Methane is primarily the result of the decomposition of organic matter. The gas has a 25 times greater warming potential than carbon dioxide, but is not as...

Im Focus: How protons move through a fuel cell

Hydrogen is regarded as the energy source of the future: It is produced with solar power and can be used to generate heat and electricity in fuel cells. Empa researchers have now succeeded in decoding the movement of hydrogen ions in crystals – a key step towards more efficient energy conversion in the hydrogen industry of tomorrow.

As charge carriers, electrons and ions play the leading role in electrochemical energy storage devices and converters such as batteries and fuel cells. Proton...

Im Focus: A unique data centre for cosmological simulations

Scientists from the Excellence Cluster Universe at the Ludwig-Maximilians-Universität Munich have establised "Cosmowebportal", a unique data centre for cosmological simulations located at the Leibniz Supercomputing Centre (LRZ) of the Bavarian Academy of Sciences. The complete results of a series of large hydrodynamical cosmological simulations are available, with data volumes typically exceeding several hundred terabytes. Scientists worldwide can interactively explore these complex simulations via a web interface and directly access the results.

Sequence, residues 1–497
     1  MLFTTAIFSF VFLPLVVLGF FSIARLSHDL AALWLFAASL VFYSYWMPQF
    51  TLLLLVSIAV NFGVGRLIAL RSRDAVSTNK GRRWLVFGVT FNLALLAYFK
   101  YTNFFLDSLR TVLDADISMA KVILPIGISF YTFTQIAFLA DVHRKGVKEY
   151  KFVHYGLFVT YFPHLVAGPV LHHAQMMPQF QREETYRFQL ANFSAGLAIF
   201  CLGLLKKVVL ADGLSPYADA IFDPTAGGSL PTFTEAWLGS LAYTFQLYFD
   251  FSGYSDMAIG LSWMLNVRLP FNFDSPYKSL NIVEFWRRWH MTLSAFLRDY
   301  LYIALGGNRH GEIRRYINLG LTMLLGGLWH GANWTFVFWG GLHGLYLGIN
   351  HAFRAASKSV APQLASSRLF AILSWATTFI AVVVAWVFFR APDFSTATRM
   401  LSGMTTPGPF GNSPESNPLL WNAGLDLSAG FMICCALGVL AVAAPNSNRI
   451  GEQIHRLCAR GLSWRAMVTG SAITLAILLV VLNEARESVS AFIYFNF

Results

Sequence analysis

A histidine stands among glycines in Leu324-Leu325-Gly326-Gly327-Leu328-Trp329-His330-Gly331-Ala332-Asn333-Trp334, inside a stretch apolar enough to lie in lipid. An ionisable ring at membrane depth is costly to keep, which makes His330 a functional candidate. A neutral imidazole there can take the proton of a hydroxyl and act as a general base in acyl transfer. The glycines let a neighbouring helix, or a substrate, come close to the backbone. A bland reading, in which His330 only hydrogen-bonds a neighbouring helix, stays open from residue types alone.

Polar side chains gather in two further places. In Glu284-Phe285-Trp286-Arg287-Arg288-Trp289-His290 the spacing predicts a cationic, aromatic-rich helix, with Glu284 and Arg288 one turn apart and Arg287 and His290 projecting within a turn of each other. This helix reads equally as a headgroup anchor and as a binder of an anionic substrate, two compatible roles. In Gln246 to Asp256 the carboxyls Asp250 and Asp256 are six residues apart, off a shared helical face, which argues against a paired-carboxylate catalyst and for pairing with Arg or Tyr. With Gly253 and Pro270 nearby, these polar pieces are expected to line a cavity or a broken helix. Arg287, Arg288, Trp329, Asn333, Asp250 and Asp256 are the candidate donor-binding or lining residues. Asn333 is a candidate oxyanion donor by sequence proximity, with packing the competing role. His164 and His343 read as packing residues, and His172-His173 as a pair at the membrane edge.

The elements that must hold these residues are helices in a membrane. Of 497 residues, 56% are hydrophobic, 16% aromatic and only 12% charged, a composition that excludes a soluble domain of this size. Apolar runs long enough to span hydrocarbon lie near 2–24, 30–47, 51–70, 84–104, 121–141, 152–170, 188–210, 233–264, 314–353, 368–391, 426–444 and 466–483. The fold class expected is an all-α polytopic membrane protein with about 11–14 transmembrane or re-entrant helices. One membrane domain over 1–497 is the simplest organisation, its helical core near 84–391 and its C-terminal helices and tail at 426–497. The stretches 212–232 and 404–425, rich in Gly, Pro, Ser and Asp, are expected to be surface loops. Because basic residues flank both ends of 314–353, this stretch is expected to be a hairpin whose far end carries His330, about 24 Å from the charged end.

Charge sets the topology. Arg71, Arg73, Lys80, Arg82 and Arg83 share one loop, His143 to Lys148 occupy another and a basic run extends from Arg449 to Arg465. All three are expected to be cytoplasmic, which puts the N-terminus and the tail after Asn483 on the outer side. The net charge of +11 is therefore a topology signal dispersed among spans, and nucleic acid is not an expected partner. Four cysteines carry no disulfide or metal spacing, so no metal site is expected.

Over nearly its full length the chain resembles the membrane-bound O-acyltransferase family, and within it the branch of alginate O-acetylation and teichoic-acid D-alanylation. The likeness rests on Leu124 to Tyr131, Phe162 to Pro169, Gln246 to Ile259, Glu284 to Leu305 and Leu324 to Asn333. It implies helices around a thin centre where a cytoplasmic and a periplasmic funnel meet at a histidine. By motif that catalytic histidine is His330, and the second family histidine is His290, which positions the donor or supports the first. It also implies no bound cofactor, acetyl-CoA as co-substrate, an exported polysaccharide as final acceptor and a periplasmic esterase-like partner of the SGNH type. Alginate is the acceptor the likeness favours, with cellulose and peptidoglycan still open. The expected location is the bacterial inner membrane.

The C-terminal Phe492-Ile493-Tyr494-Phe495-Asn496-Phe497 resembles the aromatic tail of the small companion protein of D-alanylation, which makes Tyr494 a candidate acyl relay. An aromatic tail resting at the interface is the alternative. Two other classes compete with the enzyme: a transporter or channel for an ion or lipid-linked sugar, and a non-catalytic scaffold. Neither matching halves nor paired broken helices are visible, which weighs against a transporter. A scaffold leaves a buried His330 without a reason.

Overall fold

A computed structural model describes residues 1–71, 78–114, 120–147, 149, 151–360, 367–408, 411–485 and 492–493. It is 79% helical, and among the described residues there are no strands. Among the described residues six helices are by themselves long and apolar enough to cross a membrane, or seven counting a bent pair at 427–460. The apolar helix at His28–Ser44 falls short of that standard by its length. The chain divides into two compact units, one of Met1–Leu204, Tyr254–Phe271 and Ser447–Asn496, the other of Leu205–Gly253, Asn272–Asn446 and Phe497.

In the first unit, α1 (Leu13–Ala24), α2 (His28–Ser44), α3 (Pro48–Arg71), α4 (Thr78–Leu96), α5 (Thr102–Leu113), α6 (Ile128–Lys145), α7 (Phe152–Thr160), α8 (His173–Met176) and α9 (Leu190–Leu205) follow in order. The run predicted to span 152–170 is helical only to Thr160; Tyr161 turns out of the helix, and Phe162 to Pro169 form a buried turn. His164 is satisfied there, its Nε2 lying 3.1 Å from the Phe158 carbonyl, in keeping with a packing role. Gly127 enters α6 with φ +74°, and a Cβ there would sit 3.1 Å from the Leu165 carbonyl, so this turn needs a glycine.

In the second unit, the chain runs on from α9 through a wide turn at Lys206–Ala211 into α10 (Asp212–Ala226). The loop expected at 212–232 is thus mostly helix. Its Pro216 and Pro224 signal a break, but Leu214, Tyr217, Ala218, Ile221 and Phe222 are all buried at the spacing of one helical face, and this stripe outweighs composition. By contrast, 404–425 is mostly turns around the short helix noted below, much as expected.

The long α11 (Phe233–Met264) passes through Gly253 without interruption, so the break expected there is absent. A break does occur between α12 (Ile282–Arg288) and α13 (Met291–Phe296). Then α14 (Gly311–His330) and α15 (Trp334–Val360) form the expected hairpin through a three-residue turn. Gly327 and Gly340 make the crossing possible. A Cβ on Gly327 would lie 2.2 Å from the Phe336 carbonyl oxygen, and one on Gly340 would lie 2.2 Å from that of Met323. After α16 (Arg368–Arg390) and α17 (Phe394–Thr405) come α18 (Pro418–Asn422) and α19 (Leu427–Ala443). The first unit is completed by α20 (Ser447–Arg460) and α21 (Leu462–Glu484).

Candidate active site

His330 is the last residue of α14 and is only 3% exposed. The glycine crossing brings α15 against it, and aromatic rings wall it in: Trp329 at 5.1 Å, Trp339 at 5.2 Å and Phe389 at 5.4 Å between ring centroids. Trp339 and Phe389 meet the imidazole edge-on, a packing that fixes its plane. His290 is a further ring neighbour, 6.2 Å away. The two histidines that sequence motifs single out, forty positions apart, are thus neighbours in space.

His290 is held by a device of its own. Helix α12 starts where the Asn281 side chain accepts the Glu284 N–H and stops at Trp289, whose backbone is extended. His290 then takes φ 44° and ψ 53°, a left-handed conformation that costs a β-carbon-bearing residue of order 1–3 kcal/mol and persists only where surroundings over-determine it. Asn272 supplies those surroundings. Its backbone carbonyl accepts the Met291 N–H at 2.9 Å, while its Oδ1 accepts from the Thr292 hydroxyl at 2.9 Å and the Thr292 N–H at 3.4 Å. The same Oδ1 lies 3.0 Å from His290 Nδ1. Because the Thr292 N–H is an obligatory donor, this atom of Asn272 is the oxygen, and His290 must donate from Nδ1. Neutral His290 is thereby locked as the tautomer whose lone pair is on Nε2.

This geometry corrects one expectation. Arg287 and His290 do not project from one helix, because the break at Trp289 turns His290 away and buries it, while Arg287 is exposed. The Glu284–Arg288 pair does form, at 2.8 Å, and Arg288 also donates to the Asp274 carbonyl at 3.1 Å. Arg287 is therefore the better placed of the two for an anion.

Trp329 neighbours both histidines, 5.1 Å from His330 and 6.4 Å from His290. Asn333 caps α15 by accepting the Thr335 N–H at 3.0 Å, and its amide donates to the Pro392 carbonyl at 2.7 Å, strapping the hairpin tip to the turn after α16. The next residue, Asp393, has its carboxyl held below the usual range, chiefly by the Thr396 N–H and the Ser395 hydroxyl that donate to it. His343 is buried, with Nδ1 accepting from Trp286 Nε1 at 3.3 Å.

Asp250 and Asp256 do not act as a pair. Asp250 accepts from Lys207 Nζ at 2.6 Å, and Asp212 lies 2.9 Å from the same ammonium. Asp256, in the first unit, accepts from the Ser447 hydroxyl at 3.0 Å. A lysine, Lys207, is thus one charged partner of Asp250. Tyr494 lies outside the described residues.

With current telescopes, scientists can observe our Universe’s galaxies and galaxy clusters and their distribution along an invisible cosmic web. From the...

Im Focus: Scientists develop molecular thermometer for contactless measurement using infrared light

Temperature measurements possible even on the smallest scale / Molecular ruby for use in material sciences, biology, and medicine

Chemists at Johannes Gutenberg University Mainz (JGU) in cooperation with researchers of the German Federal Institute for Materials Research and Testing (BAM)...

All Focus news of the innovation-report >>>

Anzeige

Anzeige

Event News

Plants are networkers

19.06.2017 | Event News

Digital Survival Training for Executives

13.06.2017 | Event News

Global Learning Council Summit 2017

13.06.2017 | Event News

 
Latest News

Study shines light on brain cells that coordinate movement

26.06.2017 | Life Sciences

Smooth propagation of spin waves using gold

26.06.2017 | Physics and Astronomy

Switchable DNA mini-machines store information

26.06.2017 | Information Technology

VideoLinks
B2B-VideoLinks
More VideoLinks >>>